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Scientists are looking into the power of those little green leaves
SCIENTISTS are examining whether watercress grown in Hampshire can help in the fight against cancer.
Researchers are hoping to find an answer with the launch of the first ever watercress breast cancer study.
It comes exactly three years after Southampton scientists unveiled the superfood’s cancer-killing potential.
Two hundred breast cancer patients are being recruited for the international study, part-funded by Hampshire watercress producers, that will involve the consumption of a bag of fresh watercress a day to test the importance of a healthy diet during radiotherapy treatment.
Cancer signal The eight-week dietary trail was triggered by the breakthrough by experts at the University of Southampton who revealed the vitamin-rich vegetable can halt the growth of cancer cells.
The study, which gets under way on October 1, the start of Breast Cancer Awareness Month, hopes to build on that research, led by Cancer Research UK’s Professor Graham Packham, which identified several compounds within watercress that may have significant cancer fighting properties.
His team found that its cancer fighting abilities come from a plant compound which is able to starve tumours of essential blood and oxygen by “turning off” a cancer signal in the body.
At the time, Professor Packham called for a much larger study to build on the results of his small pilot study in order to give definitive answers for proving the anti-cancer benefits of watercress, of which 90 per cent of the UK’s crop is grown in Hampshire.
The aim of this latest study, which is being part-funded by Hampshire’s Alresford Salads and Vitacress Salads, plus Dorset’s Watercress Company, is to evaluate the role of watercress in enhancing the body’s response to the treatment as well as protecting against skin damage – a side effect of radiotherapy.
There will be 100 women in a control group, with the other 100 being asked to eat a 100g bag of fresh watercress a day over eight weeks of radiotherapy treatment.
Blood samples will be taken and analysed after eight weeks, three months, one year and three years.
First study The study, which is also being funded by watercress producers in the UK and Portugal, is being carried out by the University of Lisbon’s Faculty of Medicine, the radiotherapy department of the University of Santa Maria and the University of Reading.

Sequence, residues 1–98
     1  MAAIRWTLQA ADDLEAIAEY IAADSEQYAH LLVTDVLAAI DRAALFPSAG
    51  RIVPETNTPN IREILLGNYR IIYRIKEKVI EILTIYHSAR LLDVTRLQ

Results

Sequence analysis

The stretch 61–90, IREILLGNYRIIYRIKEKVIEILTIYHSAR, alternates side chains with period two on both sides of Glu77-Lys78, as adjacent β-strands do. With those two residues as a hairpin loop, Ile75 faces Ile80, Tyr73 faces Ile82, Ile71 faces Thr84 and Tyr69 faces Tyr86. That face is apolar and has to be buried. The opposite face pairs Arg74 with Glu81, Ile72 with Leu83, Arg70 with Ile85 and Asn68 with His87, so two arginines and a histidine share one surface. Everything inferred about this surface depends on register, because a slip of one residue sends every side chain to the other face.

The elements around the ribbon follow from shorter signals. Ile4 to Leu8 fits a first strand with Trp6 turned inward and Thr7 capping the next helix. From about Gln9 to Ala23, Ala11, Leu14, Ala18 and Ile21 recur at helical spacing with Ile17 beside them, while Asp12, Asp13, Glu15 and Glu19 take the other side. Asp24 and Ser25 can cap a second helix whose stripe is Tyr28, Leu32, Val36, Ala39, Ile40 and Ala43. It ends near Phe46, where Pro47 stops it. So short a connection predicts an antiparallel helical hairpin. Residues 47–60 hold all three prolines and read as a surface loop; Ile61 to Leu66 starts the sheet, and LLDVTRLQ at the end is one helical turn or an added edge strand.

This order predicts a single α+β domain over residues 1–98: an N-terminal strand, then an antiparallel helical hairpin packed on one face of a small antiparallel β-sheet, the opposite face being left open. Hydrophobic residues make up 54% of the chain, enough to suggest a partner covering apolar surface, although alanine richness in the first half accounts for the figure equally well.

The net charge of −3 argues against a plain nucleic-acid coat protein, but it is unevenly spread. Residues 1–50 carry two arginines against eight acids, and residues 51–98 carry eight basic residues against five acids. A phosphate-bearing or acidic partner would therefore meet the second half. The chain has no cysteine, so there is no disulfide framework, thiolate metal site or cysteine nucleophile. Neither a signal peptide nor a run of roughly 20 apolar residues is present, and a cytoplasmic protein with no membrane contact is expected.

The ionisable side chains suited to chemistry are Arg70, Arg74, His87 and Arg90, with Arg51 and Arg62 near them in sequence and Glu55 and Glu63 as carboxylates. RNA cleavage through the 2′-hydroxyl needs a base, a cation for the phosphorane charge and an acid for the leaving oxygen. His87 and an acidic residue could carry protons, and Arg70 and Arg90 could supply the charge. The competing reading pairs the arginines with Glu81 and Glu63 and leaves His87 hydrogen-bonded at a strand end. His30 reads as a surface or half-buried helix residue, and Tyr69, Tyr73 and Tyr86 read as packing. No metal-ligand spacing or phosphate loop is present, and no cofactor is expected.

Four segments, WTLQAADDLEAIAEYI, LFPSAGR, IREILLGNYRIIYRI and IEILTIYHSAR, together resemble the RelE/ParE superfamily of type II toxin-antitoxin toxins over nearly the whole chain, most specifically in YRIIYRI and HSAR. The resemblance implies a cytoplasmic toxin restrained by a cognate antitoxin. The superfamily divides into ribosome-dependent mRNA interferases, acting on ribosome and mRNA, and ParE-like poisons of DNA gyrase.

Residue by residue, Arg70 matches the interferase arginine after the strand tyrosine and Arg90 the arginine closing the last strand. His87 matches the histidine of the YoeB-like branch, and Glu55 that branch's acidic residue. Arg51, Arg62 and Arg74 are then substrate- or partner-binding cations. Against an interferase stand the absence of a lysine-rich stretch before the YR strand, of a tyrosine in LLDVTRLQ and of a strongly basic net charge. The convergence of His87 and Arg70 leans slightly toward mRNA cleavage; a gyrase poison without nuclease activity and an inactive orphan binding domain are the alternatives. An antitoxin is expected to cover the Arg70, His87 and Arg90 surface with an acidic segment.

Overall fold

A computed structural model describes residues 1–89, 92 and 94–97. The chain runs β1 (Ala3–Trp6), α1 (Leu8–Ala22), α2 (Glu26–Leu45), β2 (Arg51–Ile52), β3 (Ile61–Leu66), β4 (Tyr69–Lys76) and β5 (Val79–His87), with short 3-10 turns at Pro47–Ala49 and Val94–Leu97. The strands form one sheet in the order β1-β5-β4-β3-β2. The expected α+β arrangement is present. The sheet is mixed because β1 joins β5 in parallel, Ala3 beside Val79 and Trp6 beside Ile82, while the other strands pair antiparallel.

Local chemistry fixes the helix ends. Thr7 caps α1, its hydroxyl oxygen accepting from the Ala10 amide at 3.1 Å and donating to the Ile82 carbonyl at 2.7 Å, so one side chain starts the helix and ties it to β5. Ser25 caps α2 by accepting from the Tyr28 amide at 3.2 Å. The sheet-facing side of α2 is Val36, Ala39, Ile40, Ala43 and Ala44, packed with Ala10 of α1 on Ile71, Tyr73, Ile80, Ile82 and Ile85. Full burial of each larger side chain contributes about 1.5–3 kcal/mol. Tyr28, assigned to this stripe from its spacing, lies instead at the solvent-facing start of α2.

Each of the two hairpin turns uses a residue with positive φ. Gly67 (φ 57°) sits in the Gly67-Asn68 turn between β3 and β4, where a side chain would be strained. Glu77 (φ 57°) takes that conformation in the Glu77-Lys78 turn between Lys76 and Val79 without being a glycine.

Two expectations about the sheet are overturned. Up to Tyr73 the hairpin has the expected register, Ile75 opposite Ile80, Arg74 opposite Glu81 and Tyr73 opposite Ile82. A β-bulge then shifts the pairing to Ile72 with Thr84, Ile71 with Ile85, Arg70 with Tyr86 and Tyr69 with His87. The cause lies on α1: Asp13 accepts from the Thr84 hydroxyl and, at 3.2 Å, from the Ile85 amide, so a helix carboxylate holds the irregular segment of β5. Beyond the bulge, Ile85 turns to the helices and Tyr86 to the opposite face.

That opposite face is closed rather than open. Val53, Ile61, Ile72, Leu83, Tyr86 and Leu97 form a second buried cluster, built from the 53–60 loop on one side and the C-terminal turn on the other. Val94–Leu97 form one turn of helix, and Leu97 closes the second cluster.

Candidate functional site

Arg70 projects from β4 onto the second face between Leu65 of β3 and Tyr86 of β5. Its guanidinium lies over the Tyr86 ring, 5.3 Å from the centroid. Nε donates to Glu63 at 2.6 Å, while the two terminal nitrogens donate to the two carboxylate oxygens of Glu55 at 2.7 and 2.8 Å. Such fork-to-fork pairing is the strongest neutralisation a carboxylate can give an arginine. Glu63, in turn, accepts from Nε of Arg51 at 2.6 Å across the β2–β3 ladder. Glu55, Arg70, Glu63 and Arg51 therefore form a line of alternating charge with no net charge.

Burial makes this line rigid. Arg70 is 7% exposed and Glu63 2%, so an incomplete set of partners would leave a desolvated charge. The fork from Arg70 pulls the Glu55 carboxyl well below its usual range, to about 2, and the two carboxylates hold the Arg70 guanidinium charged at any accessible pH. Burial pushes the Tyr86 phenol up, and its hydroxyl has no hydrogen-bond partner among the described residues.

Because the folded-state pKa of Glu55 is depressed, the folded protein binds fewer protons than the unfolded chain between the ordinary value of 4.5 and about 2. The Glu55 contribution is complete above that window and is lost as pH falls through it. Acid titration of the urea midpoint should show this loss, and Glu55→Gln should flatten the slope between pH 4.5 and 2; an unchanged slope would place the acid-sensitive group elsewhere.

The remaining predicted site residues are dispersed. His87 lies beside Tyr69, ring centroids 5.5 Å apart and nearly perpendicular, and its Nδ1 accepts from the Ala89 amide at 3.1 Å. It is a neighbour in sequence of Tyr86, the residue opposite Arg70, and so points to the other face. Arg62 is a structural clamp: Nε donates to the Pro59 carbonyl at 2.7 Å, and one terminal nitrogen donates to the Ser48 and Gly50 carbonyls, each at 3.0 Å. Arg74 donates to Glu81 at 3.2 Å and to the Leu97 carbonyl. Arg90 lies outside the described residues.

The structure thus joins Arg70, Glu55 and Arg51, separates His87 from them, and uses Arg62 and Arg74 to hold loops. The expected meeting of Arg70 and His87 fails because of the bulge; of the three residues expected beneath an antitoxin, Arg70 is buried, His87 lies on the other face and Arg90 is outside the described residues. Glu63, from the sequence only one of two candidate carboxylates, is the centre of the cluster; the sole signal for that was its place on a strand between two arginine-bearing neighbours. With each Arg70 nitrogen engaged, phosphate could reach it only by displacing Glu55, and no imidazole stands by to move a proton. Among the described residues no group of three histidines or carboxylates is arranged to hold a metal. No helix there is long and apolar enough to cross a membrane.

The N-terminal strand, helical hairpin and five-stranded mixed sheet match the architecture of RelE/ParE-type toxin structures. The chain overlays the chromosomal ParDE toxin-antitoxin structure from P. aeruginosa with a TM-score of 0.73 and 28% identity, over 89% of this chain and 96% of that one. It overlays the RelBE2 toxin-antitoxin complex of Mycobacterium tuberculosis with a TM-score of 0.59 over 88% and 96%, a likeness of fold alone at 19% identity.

Ian Rowland, Professor of Human Nutrition at the University of Reading, said: “As far as we are aware this is the first study in patients looking at the impact of a healthy dietary component such as watercress on outcomes and side effects of radiotherapy for cancer.
“If the diet is shown to be effective, the results will be shared with other professionals to highlight the importance of maintaining a healthy diet when undergoing radiotherapy.”
The pilot trial back in 2010 was carried out in two phases, in the laboratory and like this latest study, in a dietary trial involving a small group of breast cancer survivors from Hampshire.
The laboratory tests showed that the compound phenylethyl isothiocyanate (PEITC), of which watercress is the richest natural source, had the ability to interfere with a critical function in cancer development.
As tumours develop they rapidly outgrow their existing blood supply and further development is not possible until they are able to get enough oxygen and nutrients to maintain the growth of cancer cells.
The cancer cells send out signals which cause the surrounding normal tissues to grow new blood vessels into the tumour, which then supply the essential nutrients, known as angiogenesis.
But what the study found in the lab was that PEITC was able to block the growth of new blood vessels and effectively starve the tumour.
It is this ability to starve the tumours that will be tested in this new bigger study, in a bid to help prevent the disease.
Professor Packham said: “This is not about a cure for cancer, it is more a preventative measure as part of a healthy lifestyle which reduces the risk of cancer.”
The beneficial properties of watercress have been revered down the centuries.
But until now no clinical investigations have been undertaken to demonstrate how eating watercress as part of a healthy diet exerted its protective influence on humans.
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